First, let it be known that the Imagine Dragons song “Believer” doesn’t show up once in Kenneth Branagh’s new adaptation of the Agatha Christie classic Murder on the Orient Express, and so if you were seriously considering holding off on seeing this movie because the Fox marketing department put a weird song over the first trailer, consider yourself freed.
That’s not a joke — I’ve gotten that question in several forms over the last few days said in all seriousness, so I figured it worthwhile to answer. Still, it’s hard not to imagine the cajones it took to give a director like Branagh a decently high budget and the resources to get a great cast and to expect it to make money or draw a significant amount of cultural interest, and it feels like a gamble on an audience that might not show up. The film itself isn’t, though; it’s a well-acted but weirdly empty adaptation that does well enough as entertainment. The much-lauded mustache kicks all sorts of ass, though, and my hat’s off to whoever came up with that one.
Full disclosure: I’ve never read the novel that this film is based on, or have seen the prior one, so congratulations. You’re either getting the perspective of the neophyte audience member or that of the miserably uniformed. Either way, you’re wrong, but the mustache is right.
You’d be shocked to learn that Murder on the Orient Express is about a murder on a train going from Istanbul to London. An express train, in fact! The year is 1934 and one night on board the train, an unscrupulous art dealer who specializes in fakes, named Ratchett (Johnny Depp), is stabbed 12 times as he sleeps. It’s the dead of winter, so there’s only a few passengers on the train, though it’s suspiciously well-attended for that time of the year. An avalanche derails the train, so all the prime suspects are gathered in one place with nowhere to go. Each seems disparate enough — there’s the Butler (Derek Jacobi), the Professor (Willem Dafoe), the Princess (Judi Dench) and her assistant (Olivia Colman), the Doctor (Leslie Odom, Jr.), the assistant (Josh Gad), the woman of God (Penelope Cruz), the Countess (Lucy Boynton), the car salesman (Manuel Garcia-Rulfo), the Governess (Daisy Ridley), and the rich touring American (Michelle Pfeiffer).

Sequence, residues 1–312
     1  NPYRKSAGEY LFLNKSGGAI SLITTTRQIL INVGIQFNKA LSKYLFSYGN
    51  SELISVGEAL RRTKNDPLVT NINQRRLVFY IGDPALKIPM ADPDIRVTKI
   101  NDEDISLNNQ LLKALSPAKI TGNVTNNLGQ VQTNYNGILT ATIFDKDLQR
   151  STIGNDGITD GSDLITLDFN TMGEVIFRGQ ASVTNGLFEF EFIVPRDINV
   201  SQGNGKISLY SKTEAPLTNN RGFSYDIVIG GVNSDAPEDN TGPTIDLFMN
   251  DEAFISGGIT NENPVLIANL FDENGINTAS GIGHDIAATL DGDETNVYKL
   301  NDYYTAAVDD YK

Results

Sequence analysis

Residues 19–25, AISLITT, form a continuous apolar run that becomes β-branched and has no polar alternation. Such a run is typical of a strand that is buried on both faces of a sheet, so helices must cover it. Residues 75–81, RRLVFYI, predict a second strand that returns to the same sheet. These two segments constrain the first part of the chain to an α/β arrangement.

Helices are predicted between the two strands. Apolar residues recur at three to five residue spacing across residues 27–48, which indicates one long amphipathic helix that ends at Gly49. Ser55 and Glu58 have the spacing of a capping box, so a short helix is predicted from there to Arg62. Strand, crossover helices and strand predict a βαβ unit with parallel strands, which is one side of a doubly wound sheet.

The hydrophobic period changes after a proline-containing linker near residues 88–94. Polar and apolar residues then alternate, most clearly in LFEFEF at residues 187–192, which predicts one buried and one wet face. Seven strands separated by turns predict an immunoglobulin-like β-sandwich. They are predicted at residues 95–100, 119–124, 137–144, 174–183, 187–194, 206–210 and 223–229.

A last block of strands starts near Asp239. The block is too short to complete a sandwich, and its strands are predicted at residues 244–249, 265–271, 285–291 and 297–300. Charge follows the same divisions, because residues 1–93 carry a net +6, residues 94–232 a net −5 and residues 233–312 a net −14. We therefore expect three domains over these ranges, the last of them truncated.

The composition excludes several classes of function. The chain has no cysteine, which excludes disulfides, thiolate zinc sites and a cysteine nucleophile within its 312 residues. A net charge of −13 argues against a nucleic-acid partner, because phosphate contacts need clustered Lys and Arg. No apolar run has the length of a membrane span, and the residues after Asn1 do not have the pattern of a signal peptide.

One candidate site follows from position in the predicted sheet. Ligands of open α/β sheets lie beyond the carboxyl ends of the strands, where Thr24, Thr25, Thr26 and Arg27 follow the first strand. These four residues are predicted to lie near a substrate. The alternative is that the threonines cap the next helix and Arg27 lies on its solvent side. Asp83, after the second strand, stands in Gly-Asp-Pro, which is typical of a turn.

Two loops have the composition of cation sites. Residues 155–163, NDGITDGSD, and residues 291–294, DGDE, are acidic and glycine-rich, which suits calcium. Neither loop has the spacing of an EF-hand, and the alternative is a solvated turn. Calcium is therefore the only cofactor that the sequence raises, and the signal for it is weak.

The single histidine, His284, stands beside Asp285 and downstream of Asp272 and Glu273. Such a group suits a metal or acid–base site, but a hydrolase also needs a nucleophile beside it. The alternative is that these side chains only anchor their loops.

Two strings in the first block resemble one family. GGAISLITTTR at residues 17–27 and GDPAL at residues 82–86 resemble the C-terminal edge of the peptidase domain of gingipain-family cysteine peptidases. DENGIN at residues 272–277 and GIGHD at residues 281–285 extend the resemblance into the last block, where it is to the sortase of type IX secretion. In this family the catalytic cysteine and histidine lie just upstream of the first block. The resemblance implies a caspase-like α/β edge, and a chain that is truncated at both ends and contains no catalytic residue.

That’s a lot of suspects!
Luckily (or unfortunately for the perpetrator), the World’s Greatest Detective is on board — no, not Batman — a plucky Belgian by the name of Hercule Poirot (Branagh). Will he crack the case? Will we see the styling tips that go into how he maintains his glorious mustache? Spoiler alert: We might!
Branagh’s Poirot is perfectly styled and crafted — for Christoph Waltz, whose eccentricities and skills as a polyglot would have paid off handsomely, even behind the explicitly silly mustache that Branagh had created for the film. As such, he does a decent enough job with the humor inherent in the man’s character, like his wild and exaggerated laughter at a page of A Tale of Two Cities or his desire for eggs of a perfect shape, but his bonafides fail him once the movie veers from pure camp into semi-serious melodrama. In short, he begins to grimace near the end and refuses to let up, and the film suffers for it. Sure, the man is an unimpeachable master actor, but he’s out of place here, and it might even be the most ego-driven project of his career, even surpassing his Hamlet. People fawn over the great detective at every stage of the plot, and Poirot himself regularly reminds him that he might be the best sleuth in the whole damn world. It helps, perhaps, to have prior knowledge of his exploits, because we don’t really get to see him detect anything over the course of the film, aside from a few and easy clues that the viewer themselves might have picked up upon as well. The single biggest break in the case comes before it even starts, which disappoints somewhat. I don’t know well enough about the specifics of the Orient Express as a novel, but it feels like something is missing. Does it feature any descriptions of the mustache? Is that book-accurate?